Contact Us

Your shopping cart is empty.

Free US shipping over $50 Toll Free Support 855-729-3840

Economist hails encouraging data

“Excellent news,” says economist Tim Worstall about the new report out of the National Institute on Drug Abuse (NIDA), noting that vaping has outstripped smoking in youth popularity. Writing for Forbes in an op ed blog, Worstall observes that the economic significance of the new data revolves around the question of dual use over against vaporizers as a substitute for smokes. “The question really revolves around whether vaping is a substitute for smoking or a complement,” he says. He believes it is a substitute, and finds this a cause for rejoicing.

The “halving of teen smoking rates coincides with the invention and introduction of vaping . . . . People use vaping equipment instead of smoking, not as a gateway to it nor does vaping increase smoking prevalence. It is thus a substitute, not a complement . . . [and] to be greatly welcomed,” he concludes.

He suggests that this trend can be abetted if the government will “tax tobacco til the eyes water.”

Worstall jests that opposition to vaping is a “Baptists and bootleggers situation,” in which moralists “think that any drug use, even the inhalation of nicotine, is simply wrong, perhaps even evil. It should thus be entirely expunged from our society.”

He further notes the fears of large pharmaceutical companies worried about competition for their therapeutic devices, brought to the market at great expense.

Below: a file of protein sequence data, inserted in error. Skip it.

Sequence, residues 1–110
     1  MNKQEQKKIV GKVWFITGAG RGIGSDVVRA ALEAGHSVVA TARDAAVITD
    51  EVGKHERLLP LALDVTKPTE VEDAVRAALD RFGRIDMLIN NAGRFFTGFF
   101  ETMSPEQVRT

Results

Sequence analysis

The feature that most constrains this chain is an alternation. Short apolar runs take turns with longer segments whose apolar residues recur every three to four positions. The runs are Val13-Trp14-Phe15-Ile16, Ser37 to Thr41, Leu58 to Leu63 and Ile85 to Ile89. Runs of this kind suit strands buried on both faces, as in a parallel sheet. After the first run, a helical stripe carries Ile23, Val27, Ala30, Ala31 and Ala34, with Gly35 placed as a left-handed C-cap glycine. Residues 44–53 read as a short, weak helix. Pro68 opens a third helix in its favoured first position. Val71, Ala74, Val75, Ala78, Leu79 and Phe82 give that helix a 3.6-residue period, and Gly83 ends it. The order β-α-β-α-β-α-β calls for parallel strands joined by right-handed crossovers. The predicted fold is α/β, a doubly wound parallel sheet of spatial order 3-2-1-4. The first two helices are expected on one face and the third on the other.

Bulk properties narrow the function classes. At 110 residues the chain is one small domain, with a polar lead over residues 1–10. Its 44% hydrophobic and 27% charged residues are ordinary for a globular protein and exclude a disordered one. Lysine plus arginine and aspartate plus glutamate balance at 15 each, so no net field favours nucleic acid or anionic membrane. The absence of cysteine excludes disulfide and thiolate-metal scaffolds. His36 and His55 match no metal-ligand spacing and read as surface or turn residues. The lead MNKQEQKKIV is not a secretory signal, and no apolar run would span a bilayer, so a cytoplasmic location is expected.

Worstall shows no awareness of statistics on “dual use”, and looks to recent data on drastic reductions in youth smoking, coincident with the marketing of e-cigs, as confirmation that vaping is a substitute for smoking, not a “complement”. For instance, he cites a recent New York Times article on the NIDA report to the effect that daily cigarette you by youths continues to plummet as vaping rises.

“Given that . . . vaping, at least so far as we know, is the most successful smoking cessation product any one has as yet invented (and do note that nothing else at all has halved teen smoking rates in only 5 years) means that we really shouldn’t be putting roadblocks in front of further adoption of the technology. . . . Why on earth would we want to derail what's working?”

It is gratifying to find support from the economic sector for what ex-smoking vapers know to be working in terms of their own successful quit attempts. The snowball keeps rolling.